But enough about Odin, this is the Jesse Custer show, and Dominic Cooper keeps outdoing himself each week. Since the show began Cooper has given us three distinctive Jesse Custer’s, disenchanted in the beginning, piously serene after Genesis, and manically desperate since he damned Eugene to hell. It’s been an amazing arc, one that has blown my previous worries that Jesse would be relegated to the boring main character bin away (like a well aimed dick shot), and promoted him to his rightful place as the show’s best character.

El Valero is Jesse’s best episode as he mixes his skill with violence with an existential mind journey with Eugene as his conscience, to show-stopping effect. Last week’s episode left Jesse hopeless, alone, and with Quincannon and his goons coming to take his fathers church. Unluckily for the goons he’s not giving them the church without a fight. The siege is a perfectly paced thing of beauty, the opening fight serving as the hilarious first act. Armed with just his wits, and some liquid courage, Jesse takes out the first wave of heavily armed goons in less than a minute. Running back with their tales between their legs Donny asks them if the preacher said anything. It turns out Jesse didn’t need to, yeah he’s that good, and in the word of John McClane “now I have a machine gun.”

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The continued assault on the church treats us to some of the show’s best crafted set pieces. Odin, whose hobby is building models of civil war battles, is in his element as the commander, and strategist. His daylight attack on the church gives us our first taste of Jesse the marksman, as he shots of the workers hard hats, the aforementioned dick, and in a crazy bit of trickery, disarming one man of his machete which flies into the shoulder of another. It’s breathless stuff, and taking into account that Jesse is drunk off his ass, all the more impressive.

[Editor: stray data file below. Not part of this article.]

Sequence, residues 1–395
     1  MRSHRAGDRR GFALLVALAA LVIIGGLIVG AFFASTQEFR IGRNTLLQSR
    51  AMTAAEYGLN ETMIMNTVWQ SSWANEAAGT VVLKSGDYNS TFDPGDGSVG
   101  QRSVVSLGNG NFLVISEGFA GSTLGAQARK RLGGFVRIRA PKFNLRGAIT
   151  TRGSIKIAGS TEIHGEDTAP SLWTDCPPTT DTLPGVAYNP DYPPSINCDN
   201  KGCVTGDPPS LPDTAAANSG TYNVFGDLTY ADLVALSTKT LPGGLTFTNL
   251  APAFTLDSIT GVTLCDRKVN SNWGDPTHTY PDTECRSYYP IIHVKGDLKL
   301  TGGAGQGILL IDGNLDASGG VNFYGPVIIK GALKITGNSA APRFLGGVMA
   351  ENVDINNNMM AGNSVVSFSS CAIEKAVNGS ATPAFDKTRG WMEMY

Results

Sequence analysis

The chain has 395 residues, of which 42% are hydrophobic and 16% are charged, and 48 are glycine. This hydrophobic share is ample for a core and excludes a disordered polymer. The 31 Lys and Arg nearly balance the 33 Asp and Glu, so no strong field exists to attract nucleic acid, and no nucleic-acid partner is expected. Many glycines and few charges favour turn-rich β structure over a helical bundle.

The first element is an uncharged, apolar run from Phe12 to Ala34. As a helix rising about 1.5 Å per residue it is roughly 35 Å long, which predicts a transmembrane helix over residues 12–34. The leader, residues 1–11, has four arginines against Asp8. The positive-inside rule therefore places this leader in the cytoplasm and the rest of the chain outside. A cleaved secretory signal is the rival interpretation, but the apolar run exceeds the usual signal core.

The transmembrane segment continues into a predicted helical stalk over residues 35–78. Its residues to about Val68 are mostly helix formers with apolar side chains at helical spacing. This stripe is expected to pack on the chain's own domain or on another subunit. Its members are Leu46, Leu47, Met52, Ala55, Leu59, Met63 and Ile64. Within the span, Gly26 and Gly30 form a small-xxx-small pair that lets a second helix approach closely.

Meanwhile in the church, Jesse thinks that he’s succeeded in getting Eugene out of hell, a place that’s crowded and not that far away. Unfortunately for Jesse, and all us Eugene fans, it’s just a trick of his stressed mind. Through his conversation with not Eugene Jesse finally agrees to give Genesis back. Through their government cover Fiore, and Deblanc are allowed to enter the church. In return for helping him get Eugene out of hell, Jesse agrees to give the angels Genesis. One nursery rhyme later (Jesus is this show bloody weird) Genesis is back in the coffee can, for about two minutes. It turns out Genesis quite likes Jesse, and by destroying the can is able to repossess him. It might be time for that other option the angels were talking about in Sundowner.

Jesse is back to square one, and through a clever bit of mutilation Donny finally takes him down, and Odin gets the church. El Valero represents a defeat that Jesse needed. He’s at his lowest ebb, being taken away in a police car driven by the man whose son he sent to hell, his friends pissed at him, and his father’s land lost. In Odin’s victory he mentions The Alamo, the great romanticisation of defeat. This isn’t Jesse’s Alamo, it’s his first step towards becoming one of the good guys.

9/10 Another stellar episode with the stage set for the final two chapters. Jesse says he’s going to bring God to Annville, and I wouldn’t bet against him.